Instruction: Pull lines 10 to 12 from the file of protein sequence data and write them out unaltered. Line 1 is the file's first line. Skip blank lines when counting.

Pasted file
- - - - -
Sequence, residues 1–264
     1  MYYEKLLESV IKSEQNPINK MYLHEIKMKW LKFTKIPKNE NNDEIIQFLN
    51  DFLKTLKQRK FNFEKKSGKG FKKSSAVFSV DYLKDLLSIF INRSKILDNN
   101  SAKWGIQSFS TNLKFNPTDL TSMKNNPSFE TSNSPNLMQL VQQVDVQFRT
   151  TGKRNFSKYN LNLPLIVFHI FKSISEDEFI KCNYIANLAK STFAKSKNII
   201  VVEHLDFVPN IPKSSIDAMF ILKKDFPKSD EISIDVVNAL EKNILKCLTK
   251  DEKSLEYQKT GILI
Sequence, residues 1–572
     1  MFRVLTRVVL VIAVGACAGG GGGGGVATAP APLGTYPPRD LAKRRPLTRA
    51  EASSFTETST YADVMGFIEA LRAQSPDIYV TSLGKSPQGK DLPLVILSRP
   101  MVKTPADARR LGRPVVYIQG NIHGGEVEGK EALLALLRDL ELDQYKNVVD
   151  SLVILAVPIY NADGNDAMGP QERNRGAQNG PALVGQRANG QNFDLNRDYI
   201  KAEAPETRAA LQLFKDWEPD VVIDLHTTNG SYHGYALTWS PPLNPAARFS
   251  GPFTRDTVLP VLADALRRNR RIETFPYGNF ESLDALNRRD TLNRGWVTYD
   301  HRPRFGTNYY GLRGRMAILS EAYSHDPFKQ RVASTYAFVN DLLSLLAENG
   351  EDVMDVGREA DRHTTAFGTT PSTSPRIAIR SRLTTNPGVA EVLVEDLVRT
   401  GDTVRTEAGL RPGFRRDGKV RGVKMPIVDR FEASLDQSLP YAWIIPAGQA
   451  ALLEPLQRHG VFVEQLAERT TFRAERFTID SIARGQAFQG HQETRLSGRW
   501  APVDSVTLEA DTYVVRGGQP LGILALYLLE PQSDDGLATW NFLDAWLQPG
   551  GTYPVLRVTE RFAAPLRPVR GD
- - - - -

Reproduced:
    51  EASSFTETST YADVMGFIEA LRAQSPDIYV TSLGKSPQGK DLPLVILSRP
   101  MVKTPADARR LGRPVVYIQG NIHGGEVEGK EALLALLRDL ELDQYKNVVD
   151  SLVILAVPIY NADGNDAMGP QERNRGAQNG PALVGQRANG QNFDLNRDYI